some efforts, that contractors, consultants and suppliers are owed
substantial monies by State Enterprises for extended periods. That has
a disastrous effect on our local economy both on an immediate tangible
level and in terms of the more subjective element of confidence.
Ambitious new projects continue to be announced, even as the
basic accounts are incomplete and substantial bills remain unpaid.
Apart from the
evident confusion, at the very highest levels of the State and
Government, the unacceptable part is that there is not even an attempt
to explain what is the hold-up or what areas of the accounts remain
unresolved. The few times anyone in authority has attempted to explain
the delays in those accounts, it has been a model of vagueness and
ambiguity. That uncommunicative behaviour does not augur well. These
State Enterprises are not building a wartime bunker or a new spy
satellite, only new homes and offices.
But there is
more, according to S. 99 (1) of the Companies Act 1995
(a) every Director of a company
shall in exercising his powers and discharging his duties act
honestly and in good faith with a view to the best interests of the
(b) exercise the care, diligence
and skill that a reasonably prudent person would exercise in
Those provisions make mismanagement of a
company an offence. It is literally impossible to manage or direct the
affairs of a multi-billion dollar company in the absence of audited
accounts. So there must be serious concerns as to how the Directors of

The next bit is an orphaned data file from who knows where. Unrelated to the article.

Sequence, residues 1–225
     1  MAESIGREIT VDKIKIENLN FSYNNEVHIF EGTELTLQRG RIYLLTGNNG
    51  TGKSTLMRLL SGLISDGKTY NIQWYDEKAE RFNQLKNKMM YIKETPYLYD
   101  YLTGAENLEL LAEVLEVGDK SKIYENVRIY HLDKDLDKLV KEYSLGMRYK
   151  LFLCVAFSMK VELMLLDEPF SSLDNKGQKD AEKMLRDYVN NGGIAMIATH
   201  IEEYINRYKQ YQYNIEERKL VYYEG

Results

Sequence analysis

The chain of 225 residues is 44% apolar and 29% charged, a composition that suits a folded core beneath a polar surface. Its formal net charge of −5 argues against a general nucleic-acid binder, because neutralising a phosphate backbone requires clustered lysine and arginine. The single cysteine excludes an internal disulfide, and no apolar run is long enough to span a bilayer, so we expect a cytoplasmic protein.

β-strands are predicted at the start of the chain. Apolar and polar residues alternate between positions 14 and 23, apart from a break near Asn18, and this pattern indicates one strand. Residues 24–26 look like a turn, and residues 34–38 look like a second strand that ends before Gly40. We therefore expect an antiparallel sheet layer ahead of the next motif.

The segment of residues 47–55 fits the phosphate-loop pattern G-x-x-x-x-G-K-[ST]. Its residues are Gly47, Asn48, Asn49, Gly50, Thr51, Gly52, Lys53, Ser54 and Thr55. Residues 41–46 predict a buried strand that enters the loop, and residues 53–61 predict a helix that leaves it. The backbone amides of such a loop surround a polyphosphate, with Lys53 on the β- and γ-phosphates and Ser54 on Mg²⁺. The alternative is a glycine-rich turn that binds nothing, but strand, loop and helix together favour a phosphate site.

those State Enterprises without accounts could have properly discharged
their obligations under S. 99 (1).
Apart from these
points, there is now the fact that the SEC has made Orders in respect of
Contraventions of the Securities Industry Act 1995 and the Securities
Industry Bye-Laws 1997. Those Orders are in relation to the failure of
these huge State-owned Enterprises to publish their accts -
19th March 2010 against HDC, with fines totalling $121,000 - see
15th June 2011 against UDECOTT, with fines totalling $120,000 -
25th July 2011 against HDC, with fines totalling $400,000 - see
I was pleased to
see the SEC taking this firm action against these offending State
Enterprises, it is an important and necessary intervention. I am not at
all sure what, if any, ongoing penalties are being applied. If there
are no ongoing punishments or fines, this important regulator needs to
take a tougher stand. It is simply not good enough in my view for the
regulator to levy these fines and allow the companies to carry on with
'business as usual'. That would be like a dutiful policeman ticketing a
motorist for smooth tires, no seatbelt and no headlights – issuing the
ticket and letting that motorst drive off. The SEC needs to consider
heavy daily fines and banning orders against Directors of these
companies in breach of the law, if such do not already exist.
The era of
irresponsibility in high office needs to be brought to a close. The
role of the Treasury in supporting this grossly irresponsible behaviour
is questionable. The silence on the missing accounts is intolerable.
The chapter of getting away with it needs to be ended.
Expenditure of Public money – Accountability – Transparency =
Afra Raymond is
President of the Joint Consultative Council for the Construction
Industry (JCC) and Managing Director of Raymond & Pierre Limited.